Under the make-whole doctrine, an employee who has settled with a thirdparty tortfeasor is liable to reimburse the plan “only for the excess received over the total amount of his loss.” Id. at 1236. In the Eleventh Circuit, “the make-whole doctrine is a default rule that applies only in the absence of specific and unambiguous language precluding it.” Id. (citing Cagle v. Bruner, 112 F.3d 1510 (11th Cir. 1997)). The court rejected O’Hara’s argument, holding that “[a]pplying federal common law to override the Plan’s controlling language, which expressly provides for reimbursement regardless of whether O’Hara was made whole by his thirdparty recovery, would frustrate, rather than effectuate, ERISA’s purpose to protect contractually defined benefits.” Id. at 1237. Moreover, the court held that “[a]pplying federal common law to deny an employer its right to reimbursement pursuant to a written plan would also frustrate ERISA’s purposes by discouraging employers from offering welfare benefit plans in the first place.” Id. The court emphasized that “[a]lthough O’Hara himself will be in a better position if the subrogation provision is not enforced, plan fiduciaries must ‘take impartial account of the interests of all beneficiaries.’” Id. Although O’Hara did not challenge the district court’s finding that the plan precluded deduction of O’Hara’s attorney’s fees from Zurich’s recovery, the court nevertheless held that “because the Plan clearly and unambiguously disclaimed the ‘common fund doctrine,’ the district court correctly found that Zurich was owed the entire amount it paid on O’Hara’s behalf without a deduction of attorney’s fees.” Id. at n.4. The court concluded that “[b]ecause full reimbursement according to the terms of the Plan’s clear and unambiguous subrogation provision is necessary not only to effectuate ERISA’s policy of preserving the integrity of written plans but to protect the interests and expectations of all plan participants and beneficiaries, such relief is both ‘appropriate’ and ‘equitable’ under ERISA § 502(a)(3).”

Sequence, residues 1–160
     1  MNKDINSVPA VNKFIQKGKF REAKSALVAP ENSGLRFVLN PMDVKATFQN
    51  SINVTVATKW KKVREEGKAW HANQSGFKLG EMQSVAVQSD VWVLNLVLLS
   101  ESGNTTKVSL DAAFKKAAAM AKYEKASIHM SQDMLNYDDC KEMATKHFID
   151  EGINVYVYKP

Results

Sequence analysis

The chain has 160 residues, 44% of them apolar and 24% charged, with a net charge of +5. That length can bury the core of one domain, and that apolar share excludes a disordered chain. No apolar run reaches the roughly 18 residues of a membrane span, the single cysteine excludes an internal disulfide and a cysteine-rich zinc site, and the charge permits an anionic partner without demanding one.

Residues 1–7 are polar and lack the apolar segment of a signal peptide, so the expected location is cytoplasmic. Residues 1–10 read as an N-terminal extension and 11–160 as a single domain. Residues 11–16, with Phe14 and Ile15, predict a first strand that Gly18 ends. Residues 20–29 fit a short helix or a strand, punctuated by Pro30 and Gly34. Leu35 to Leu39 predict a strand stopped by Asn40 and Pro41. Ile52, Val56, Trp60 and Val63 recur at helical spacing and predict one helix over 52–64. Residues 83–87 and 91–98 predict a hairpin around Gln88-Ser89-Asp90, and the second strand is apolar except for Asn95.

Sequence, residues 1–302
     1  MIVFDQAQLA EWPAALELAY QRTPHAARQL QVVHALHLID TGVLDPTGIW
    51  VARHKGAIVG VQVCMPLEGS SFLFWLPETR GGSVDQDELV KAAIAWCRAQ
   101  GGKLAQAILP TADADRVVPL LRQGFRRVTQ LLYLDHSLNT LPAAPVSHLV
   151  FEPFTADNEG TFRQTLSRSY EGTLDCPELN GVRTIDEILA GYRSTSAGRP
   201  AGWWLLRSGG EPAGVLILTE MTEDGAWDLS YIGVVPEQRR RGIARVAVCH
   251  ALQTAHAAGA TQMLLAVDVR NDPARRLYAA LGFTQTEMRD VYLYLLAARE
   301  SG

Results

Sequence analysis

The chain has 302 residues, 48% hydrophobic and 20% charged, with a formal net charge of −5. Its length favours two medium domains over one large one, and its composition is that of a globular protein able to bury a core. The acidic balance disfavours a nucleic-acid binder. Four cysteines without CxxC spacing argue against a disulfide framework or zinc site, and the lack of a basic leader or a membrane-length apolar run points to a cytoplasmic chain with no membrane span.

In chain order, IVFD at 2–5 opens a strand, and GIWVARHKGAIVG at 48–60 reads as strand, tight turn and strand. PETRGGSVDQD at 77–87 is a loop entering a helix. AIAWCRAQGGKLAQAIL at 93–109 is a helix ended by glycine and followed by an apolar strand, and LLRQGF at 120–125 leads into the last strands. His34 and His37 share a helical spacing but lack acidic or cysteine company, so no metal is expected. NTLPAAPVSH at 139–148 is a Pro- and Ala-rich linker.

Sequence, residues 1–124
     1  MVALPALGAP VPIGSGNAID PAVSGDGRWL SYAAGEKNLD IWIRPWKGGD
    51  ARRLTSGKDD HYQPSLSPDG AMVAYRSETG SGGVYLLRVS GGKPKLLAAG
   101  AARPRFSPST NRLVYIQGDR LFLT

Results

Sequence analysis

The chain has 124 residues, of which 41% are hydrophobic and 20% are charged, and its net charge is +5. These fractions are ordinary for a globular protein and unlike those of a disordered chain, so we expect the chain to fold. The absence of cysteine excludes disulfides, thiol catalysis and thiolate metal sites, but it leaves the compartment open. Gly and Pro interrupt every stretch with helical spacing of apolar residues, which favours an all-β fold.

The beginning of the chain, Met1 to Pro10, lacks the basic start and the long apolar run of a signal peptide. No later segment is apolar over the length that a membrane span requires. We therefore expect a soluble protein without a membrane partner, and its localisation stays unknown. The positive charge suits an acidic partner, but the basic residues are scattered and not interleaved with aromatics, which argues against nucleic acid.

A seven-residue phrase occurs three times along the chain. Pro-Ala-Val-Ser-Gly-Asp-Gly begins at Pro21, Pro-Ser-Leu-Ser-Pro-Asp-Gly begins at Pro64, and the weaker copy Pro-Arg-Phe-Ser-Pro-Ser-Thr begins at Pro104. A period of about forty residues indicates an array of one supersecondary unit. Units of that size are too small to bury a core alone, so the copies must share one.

U.S. Airways v. McCutchen In U.S. Airways, Inc. v. McCutchen, 663 F.3d 671 (3d Cir. 2011), the court held that “applying the traditional equitable principle of unjust enrichment, … the [district court] judgment requiring McCutchen to provide full reimbursement to US Airways constitutes inappropriate and inequitable relief.” The court emphasized that “the amount of the judgment exceed[ed] the net amount of McCutchen’s third-party recovery, [and left] him with less than full payment for his emergency medical bills, thus undermining the entire purpose of the Plan.” The court also commented that full reimbursement “amounts to a windfall for U.S. Airways, which did not exercise its subrogation rights or contribute to the cost of obtaining the third-party recovery. Equity abhors a windfall.” The court did not decide what would constitute “appropriate equitable relief,” but remanded to the district court to make that determination. McCutchen expressly disagreed with O’Hara and other circuit court opinions that do not allow common law equitable principles to limit reimbursement recoveries, where full reimbursement was required under the clear and unambiguous plan language. Other circuits have found reimbursement claims under § 502(a) (3) to seek “equitable” relief, without next asking whether the relief sought is “appropriate.” The court stated that “[b]y categorically excluding the equitable limitations that § 502(a) (3)’s reference to equitable remedies necessarily contains, the … O’Hara court departs from the text of ERISA.” Points of Comparison O’Hara and McCutchen
O’Hara and McCutchen are irreconcilable on whether common law equitable principles can limit ERISA reimbursement recoveries. Both cases claim to balance the equities, and yet, reach different conclusions. It bears emphasis that in McCutchen, the plan’s reimbursement amount exceeded the net sum of the employee’s third-